AfterShock Comics have taken the mantle of Vertigo in producing high-quality comics for maturer audiences from the crude satire of Jimmy’s Bastards to grim re-imagining of Arthurian legend in Unholy Grail. With The Normals, writer: Alan Glass and artist:Dennis Calero, bring us the publisher’s take on the psychological thriller as seen through a contemporary sci-fi lens. At its heart, The Normals is a book about our perception of reality, how it shapes us and how we copes with that reality being undermined by external factors. Does the series have what it takes to get live up to its high concept premise or will it become eclipsed by its own potential.
AfterShock Comics pitches The Normals as a man whose life as he knew it never happened and who now must struggle to determine what his reality truly is. Indeed, without going into spoilers that quest for one’s identity and sense of meaning is central to the story, but the book leaves us with a sense that the revelation that incites these events might have been better borne out over a few issues. From a pacing perspective, taking into account potential revelations in future issues, the mystery behind the series has been revealed too soon for it to have any true impact. The suspense itself is thrilling in the moment, but the book never allows its central question or mystery to linger in our minds. Instant gratification may satiate our desire to know, but at the expense of the story itself. Which is a shame because outside of the clunky expository sections, the characters feel quite substantial and human in their interactions. Their dialogue is natural and flows in a way that many other comics struggle with. Glass has expertly built a family of characters that we care about, but the importance they place on solving the book’s core mystery never translates to the audience. We care for them, if not their plight.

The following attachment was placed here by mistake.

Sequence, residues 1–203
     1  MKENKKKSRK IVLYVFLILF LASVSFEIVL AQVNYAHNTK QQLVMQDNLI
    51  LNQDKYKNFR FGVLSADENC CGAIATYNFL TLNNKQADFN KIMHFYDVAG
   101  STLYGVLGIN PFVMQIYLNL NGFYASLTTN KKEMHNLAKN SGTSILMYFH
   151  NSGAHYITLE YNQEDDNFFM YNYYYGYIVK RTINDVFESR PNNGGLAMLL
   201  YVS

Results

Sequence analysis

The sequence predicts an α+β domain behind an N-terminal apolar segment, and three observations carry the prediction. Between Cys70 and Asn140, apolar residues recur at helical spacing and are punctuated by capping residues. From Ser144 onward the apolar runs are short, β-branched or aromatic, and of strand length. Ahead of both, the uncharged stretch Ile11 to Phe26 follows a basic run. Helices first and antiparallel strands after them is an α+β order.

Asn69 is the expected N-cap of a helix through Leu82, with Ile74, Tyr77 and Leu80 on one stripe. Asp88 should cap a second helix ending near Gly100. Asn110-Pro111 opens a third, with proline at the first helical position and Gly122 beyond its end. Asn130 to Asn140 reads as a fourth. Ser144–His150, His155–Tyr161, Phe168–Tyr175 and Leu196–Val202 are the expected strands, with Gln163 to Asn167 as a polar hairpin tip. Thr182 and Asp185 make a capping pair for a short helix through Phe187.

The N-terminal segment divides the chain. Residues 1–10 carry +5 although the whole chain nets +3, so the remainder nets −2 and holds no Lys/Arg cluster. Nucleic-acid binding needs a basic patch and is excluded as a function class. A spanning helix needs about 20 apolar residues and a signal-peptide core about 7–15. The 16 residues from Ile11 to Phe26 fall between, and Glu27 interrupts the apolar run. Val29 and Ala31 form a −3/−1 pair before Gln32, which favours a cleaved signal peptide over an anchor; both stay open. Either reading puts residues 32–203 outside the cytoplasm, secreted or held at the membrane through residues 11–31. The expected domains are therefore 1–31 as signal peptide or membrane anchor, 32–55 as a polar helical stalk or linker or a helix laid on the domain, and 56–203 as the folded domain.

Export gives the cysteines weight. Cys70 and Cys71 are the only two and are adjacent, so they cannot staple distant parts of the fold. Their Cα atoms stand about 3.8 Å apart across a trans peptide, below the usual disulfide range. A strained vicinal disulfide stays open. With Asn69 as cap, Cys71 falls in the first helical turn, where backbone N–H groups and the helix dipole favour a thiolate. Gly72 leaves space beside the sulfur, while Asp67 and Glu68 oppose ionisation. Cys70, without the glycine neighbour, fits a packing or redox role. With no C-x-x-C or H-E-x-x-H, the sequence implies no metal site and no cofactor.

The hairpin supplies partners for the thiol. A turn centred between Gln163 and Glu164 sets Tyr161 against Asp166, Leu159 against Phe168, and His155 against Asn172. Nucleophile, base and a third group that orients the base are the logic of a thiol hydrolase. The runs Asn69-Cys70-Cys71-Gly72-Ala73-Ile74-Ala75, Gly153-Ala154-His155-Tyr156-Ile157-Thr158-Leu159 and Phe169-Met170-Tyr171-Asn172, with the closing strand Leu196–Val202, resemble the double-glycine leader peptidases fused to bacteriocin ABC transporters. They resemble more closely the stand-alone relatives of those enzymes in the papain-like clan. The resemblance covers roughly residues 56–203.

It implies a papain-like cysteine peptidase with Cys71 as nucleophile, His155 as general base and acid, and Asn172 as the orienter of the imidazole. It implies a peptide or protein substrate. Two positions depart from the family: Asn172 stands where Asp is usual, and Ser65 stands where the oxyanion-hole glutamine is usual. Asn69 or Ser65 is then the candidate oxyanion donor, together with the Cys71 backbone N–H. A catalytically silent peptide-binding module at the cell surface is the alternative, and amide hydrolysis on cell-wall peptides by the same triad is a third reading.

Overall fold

From an art perspective, The Normals impresses smooth visuals that lull the reader into a false sense of security. In refraining from engaging in hyper-stylized visual or overly complicated techniques, Calero channels the mundanity of suburbia into every panel. From the artwork alone its clear that there is some unsettling about this brand of middle-class life even before The Normal’s more fantastical elements. A neighbour’s kind wave or plastic smile has hidden meaning and Calero manages to convey that unspoken artificiality to those interactions. As the series’ more sci-fi element begin to emerge, it will be interesting to see if the art evolves to match the family’s new understanding of reality as their seemingly normal life unravels around them. A tonal and stylistic shift of that nature could resonate well with the book’s thematic goals if executed properly.
The Normals is the kind of story that The Twilight Zone used to invoke an inherent unease about the reality around you and leaves you questioning many of the assumptions we make about the world. A tale in which the world as you know it seems to have changed utterly and yet you are the only one to notice. Suspenseful thrillers of the kind inevitably instill intrigue in their readers, but it is often that the build-up is more satisfying than the revelation itself. Fortunately, The Normals doesn’t fall wholly into that trap. It manages to successfully recall the sinister undertones of the best psychological horror stories, even if it does not radically bring anything new to the table.